AI for Beginners: AI Basics

AI for Beginners: AI Basics

· 3 min read
You’re scrolling past your Facebook feed. You come across an advertisement “Our AI-powered solutions will change your world”. You pay no heed to it and continue scrolling, you come across another article; “Nvidia celebrates breakthrough in AI”, you keep scrolling, however soon you realize no matter how much you try to avoid it, AI follows you everywhere. But what is this AI that everyone talks about? What is this rocket science that is out there to change the world?

If you’ve ever been in a situation similar to the one above, then you’ve come to the right place. This article will be clearing all your doubts about the buzzword that is AI.

For those completely indifferent to the technological world around them, AI is an acronym for Artificial Intelligence. The name itself is the best explanation for what the AI industry does.


Let’s start by focusing on the individual terms;

Intelligence

Intelligence is a characteristic found in many living organisms. Intelligence is the ability of a species to make decisions of their own by using their judgments from past experience. These decisions can be wrong, learning from these wrong decisions is the real essence of intelligence.

rubiks cube picture
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Artificial

In the simplest of terms, anything that is a copy /mimicry is called artificial. One thing that must be noted here is that an artificial can try to come close to the original but it can never reach the status of the original.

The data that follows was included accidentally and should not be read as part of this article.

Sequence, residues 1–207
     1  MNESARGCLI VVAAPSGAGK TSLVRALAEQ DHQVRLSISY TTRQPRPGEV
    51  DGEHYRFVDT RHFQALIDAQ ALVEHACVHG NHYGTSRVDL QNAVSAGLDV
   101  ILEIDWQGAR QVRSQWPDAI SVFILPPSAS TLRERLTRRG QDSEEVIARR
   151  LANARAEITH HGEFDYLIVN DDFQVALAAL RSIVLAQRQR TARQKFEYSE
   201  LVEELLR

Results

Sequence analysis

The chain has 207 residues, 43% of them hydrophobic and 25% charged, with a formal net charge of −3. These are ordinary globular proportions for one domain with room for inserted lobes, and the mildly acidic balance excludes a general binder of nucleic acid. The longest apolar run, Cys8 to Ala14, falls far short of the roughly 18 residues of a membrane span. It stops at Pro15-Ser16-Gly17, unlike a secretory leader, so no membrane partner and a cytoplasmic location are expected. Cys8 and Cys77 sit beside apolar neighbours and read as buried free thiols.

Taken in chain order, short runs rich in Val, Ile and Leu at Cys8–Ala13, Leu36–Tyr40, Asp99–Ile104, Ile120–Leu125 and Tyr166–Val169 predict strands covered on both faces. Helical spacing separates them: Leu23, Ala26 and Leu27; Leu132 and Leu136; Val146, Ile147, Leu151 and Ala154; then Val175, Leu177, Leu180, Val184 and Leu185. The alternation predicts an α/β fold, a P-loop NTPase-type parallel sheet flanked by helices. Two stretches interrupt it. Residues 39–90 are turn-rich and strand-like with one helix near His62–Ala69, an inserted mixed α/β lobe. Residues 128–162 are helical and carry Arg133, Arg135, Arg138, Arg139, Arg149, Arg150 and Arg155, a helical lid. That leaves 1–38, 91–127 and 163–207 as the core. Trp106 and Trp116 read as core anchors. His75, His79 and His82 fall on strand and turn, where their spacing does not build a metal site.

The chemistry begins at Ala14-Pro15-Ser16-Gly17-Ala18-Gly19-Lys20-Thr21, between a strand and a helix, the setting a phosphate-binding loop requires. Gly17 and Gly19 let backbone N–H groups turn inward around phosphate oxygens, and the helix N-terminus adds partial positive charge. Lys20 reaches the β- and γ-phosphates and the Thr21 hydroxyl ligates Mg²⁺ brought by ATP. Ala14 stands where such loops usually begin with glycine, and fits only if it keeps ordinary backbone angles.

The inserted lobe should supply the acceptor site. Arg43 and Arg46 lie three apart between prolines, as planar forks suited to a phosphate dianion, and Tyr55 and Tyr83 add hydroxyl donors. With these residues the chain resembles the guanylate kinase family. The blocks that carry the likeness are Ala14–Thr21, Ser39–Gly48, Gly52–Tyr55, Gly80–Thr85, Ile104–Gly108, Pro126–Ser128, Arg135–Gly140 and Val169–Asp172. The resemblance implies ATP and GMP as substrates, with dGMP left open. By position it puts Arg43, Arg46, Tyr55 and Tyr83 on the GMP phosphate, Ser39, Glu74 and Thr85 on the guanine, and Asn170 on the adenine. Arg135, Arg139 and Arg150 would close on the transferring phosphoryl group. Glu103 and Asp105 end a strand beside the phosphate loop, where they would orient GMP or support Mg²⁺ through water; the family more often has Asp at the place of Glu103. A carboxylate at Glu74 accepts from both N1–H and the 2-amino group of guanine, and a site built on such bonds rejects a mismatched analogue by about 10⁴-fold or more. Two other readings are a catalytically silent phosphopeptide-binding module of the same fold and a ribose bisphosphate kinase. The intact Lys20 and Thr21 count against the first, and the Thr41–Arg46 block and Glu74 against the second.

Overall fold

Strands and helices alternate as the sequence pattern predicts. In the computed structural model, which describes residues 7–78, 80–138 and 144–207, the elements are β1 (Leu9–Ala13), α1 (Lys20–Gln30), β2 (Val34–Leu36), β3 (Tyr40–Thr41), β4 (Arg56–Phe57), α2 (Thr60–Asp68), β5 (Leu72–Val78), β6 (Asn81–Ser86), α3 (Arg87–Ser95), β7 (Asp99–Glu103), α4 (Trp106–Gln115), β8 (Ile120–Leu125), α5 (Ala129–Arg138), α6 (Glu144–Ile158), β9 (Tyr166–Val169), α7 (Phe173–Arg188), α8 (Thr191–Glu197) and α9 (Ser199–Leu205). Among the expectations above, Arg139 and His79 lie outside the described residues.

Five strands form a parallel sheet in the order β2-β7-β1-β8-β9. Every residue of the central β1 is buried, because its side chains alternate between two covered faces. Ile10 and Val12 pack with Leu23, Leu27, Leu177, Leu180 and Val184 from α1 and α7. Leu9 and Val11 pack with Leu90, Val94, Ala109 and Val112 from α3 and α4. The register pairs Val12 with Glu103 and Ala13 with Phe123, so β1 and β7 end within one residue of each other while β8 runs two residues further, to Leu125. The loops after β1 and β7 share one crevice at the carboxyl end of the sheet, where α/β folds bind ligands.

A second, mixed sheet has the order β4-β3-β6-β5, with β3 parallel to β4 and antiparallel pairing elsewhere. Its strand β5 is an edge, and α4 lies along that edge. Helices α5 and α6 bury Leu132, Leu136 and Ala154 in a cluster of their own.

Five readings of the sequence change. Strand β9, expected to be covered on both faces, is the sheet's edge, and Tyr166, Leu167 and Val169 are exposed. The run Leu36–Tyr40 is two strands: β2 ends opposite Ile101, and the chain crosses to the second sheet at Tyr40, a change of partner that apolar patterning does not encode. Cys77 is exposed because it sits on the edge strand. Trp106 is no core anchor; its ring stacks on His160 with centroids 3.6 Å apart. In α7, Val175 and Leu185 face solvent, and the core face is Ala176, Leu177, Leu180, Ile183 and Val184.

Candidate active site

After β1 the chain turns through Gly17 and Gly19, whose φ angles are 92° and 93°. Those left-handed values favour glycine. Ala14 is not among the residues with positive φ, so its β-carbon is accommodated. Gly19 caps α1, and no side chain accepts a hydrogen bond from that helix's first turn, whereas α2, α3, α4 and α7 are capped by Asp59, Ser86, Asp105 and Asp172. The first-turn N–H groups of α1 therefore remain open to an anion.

Both these words, put together, give us Artificial Intelligence. Now that we’ve defined both the keywords, it would be simpler to find a single definition for this term. Putting both these definitions together, we say AI is

“the act of mimicking human intelligence in a non-intelligent entity”

In our case the non-intelligent entity is our computer, we train it to make human-like decisions and do our everyday tasks for us.


AI in Computer Science

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Enough with the layman terms, let’s look at AI in a little more depth. AI has 3 sub-categories which are as follows;

  1. Machine Learning;

This form of AI works by exposing the machine to data along with its labels. The labels associated with the data tell the machine what the data represents. When we — humans — have to learn something, our best approach is to revise that certain thing again and again until our brain masters it. Similarly in Machine learning, data is shown to the machine in several iterations until the machine understands the data and is able to associate labels with similar data without any external help.

2. Deep Learning;

At its core, Deep Learning is very similar to Machine Learning however, Machine Learning is only effective when we have a simple problem at hand — with simple data features and moderate data points. For complex problems, we have to shift towards neural networks. Neural Networks are designed to mimic the neuron activity inside our brain. Our brain stores information in the form of electrical signals in networks formed by these neurons.

Similarly Neural Networks store information in the form of weights and each neuron stores a different aspect of information.

3. Reinforced Learning;

This method is very similar to how we learn stuff in our younger years. We perform a task and then receive an award or punishment depending on what we did was correct or not. Computers can also learn in the same way; on a correct action, the machine is notified of the correct action in the form of a positive or negative notification.

Although these are the official categories for artificial intelligence techniques, we can unofficially span the definition of AI and include a few more cases. Since we have established that AI is aimed and reducing or removing human effort, therefore any software and coding practice that reduces this effort — including but not limited to conditional statements — can be encompassed within the bounds of AI.


And that's a wrap. That is all you — as a layman — need to know about AI. There are many MANY more technicalities involved in building these complicated networks than what has been discussed but the aim of this article was to introduce you to AI, not teach it.